YOU ARE HERE: LAT HomeCollections

Orange County Focus

LOS ALAMITOS : Plan to Sell, Lease Schools to Be Studied

May 15, 1993|BERT ELJERA

A citizen panel will be created to look into a proposal by the Los Alamitos Unified School District to sell or lease district properties to generate income.

This week's unanimous action by the Board of Trustees drew cheers from members of a community group opposed to the sale or long-term lease of Oak Middle School, one of four properties identified for possible sale or lease.

"We are pleased in the direction the board has taken," said Brenda Gorman, founder of Save Oak School, which has submitted more than 4,000 signatures in a petition drive opposing the district's plans.

In announcing the creation of the so-called strategic planning group Monday, School Board President Keith Polakoff said the district needs to reassess how it will address the critical issues facing it now and in the next 10 years. He said the panel will re-examine the district's so-called mission statement, its beliefs and goals and how to achieve them. In addition, the panel will look at the district's budgets, its financial resources and assets, and how best to utilize these.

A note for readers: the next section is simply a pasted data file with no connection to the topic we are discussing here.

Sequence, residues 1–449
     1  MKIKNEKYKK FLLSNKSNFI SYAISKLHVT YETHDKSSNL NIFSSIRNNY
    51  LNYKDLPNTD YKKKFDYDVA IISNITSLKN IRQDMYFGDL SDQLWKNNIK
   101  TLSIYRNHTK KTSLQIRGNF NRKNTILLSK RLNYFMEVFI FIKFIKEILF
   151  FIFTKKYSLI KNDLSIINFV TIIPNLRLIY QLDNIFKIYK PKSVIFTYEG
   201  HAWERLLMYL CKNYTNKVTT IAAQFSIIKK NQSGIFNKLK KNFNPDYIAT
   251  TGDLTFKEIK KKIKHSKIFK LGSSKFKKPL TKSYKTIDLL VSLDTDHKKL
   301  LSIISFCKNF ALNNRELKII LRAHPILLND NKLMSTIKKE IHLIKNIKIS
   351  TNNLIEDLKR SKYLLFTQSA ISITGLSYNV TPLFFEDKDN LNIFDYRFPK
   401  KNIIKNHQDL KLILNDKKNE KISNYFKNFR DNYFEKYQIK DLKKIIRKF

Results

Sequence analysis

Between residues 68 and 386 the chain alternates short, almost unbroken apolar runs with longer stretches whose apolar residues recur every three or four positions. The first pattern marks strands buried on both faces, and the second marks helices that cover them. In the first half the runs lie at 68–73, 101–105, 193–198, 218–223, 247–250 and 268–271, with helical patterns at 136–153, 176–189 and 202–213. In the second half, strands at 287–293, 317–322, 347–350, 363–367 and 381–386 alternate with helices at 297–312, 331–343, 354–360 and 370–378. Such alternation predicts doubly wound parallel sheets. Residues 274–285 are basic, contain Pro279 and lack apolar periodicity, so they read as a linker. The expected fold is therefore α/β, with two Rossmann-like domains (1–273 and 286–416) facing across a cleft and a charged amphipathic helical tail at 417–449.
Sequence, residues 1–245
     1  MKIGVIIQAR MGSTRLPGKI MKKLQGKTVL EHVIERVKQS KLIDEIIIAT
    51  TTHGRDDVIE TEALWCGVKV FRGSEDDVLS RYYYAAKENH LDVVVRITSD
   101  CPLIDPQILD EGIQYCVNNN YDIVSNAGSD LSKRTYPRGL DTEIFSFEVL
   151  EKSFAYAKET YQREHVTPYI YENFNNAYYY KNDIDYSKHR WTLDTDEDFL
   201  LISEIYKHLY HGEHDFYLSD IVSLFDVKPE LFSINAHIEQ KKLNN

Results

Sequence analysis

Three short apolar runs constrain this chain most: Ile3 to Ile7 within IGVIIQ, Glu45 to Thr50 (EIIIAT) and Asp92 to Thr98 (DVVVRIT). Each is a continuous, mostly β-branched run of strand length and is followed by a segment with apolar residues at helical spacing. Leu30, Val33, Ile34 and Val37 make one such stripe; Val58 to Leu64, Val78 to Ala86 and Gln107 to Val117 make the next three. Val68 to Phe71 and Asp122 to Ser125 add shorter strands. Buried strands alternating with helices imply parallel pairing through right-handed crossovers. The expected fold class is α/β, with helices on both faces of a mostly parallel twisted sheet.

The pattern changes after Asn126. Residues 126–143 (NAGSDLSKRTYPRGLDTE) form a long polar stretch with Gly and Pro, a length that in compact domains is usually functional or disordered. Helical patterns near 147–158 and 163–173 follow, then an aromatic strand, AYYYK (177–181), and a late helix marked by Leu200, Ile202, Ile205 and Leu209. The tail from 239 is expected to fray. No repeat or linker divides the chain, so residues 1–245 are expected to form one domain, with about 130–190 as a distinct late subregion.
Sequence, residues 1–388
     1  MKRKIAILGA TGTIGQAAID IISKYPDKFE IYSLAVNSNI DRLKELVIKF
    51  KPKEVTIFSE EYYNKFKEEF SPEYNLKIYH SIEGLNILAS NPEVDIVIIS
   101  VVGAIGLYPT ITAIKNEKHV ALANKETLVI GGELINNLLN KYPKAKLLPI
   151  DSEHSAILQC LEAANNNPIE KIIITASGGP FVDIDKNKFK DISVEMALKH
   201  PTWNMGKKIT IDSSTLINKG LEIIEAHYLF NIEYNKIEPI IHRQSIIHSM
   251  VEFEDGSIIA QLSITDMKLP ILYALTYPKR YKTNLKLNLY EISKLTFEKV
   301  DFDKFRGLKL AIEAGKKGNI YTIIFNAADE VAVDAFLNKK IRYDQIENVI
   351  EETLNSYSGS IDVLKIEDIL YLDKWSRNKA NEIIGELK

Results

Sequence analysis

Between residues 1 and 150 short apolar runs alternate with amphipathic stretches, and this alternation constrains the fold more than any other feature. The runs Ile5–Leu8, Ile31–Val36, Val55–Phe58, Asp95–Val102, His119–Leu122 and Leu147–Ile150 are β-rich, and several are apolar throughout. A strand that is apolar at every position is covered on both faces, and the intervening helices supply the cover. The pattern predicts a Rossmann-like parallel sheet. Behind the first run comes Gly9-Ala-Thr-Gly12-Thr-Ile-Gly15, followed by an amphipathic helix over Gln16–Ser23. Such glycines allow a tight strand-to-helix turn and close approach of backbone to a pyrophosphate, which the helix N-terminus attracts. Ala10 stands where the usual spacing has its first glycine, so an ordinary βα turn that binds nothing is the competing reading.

Polakoff said the panel, described as a strategic planning task force, will involve students, staff, parents, business and community leaders. He did not say how or when the members will be selected, though the board expects the panel to be formed by September.

"We hope the panel will complete its work by December," Polakoff said.

Polakoff said the board has decided to postpone a decision on property disposal until the panel completes its work.

District officials planned to select the property to sell or lease by June 28 so the money could be used to reduce a shortfall of about $1.9 million in the $31.7-million 1993-94 school budget, according to district Business Manager Ronald Murrey.

Aside from Oak Middle School, district properties being considered for sale or lease are the Weaver Elementary School site, Los Alamitos Elementary School/Laurel Park site and the district office/Laurel High School site. Only one site would be sold or leased, district officials say.

Opponents of the district's plan say it is unwise to sell those properties because the district may need them in the future as enrollment increases.

In the last seven years, the district has sold two school sites and one other district property.

Los Angeles Times Articles